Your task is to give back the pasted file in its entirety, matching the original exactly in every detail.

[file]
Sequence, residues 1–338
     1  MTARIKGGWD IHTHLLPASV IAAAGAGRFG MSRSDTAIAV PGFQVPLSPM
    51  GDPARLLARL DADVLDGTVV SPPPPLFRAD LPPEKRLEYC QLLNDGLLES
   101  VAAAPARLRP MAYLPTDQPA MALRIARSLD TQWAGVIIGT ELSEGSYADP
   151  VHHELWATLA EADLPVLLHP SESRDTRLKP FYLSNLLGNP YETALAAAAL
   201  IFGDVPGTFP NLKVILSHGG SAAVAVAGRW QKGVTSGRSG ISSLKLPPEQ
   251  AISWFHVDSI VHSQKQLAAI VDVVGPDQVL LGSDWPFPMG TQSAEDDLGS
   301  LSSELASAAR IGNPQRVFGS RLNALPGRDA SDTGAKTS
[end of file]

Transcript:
Sequence, residues 1–338
     1  MTARIKGGWD IHTHLLPASV IAAAGAGRFG MSRSDTAIAV PGFQVPLSPM
    51  GDPARLLARL DADVLDGTVV SPPPPLFRAD LPPEKRLEYC QLLNDGLLES
   101  VAAAPARLRP MAYLPTDQPA MALRIARSLD TQWAGVIIGT ELSEGSYADP
   151  VHHELWATLA EADLPVLLHP SESRDTRLKP FYLSNLLGNP YETALAAAAL
   201  IFGDVPGTFP NLKVILSHGG SAAVAVAGRW QKGVTSGRSG ISSLKLPPEQ
   251  AISWFHVDSI VHSQKQLAAI VDVVGPDQVL LGSDWPFPMG TQSAEDDLGS
   301  LSSELASAAR IGNPQRVFGS RLNALPGRDA SDTGAKTS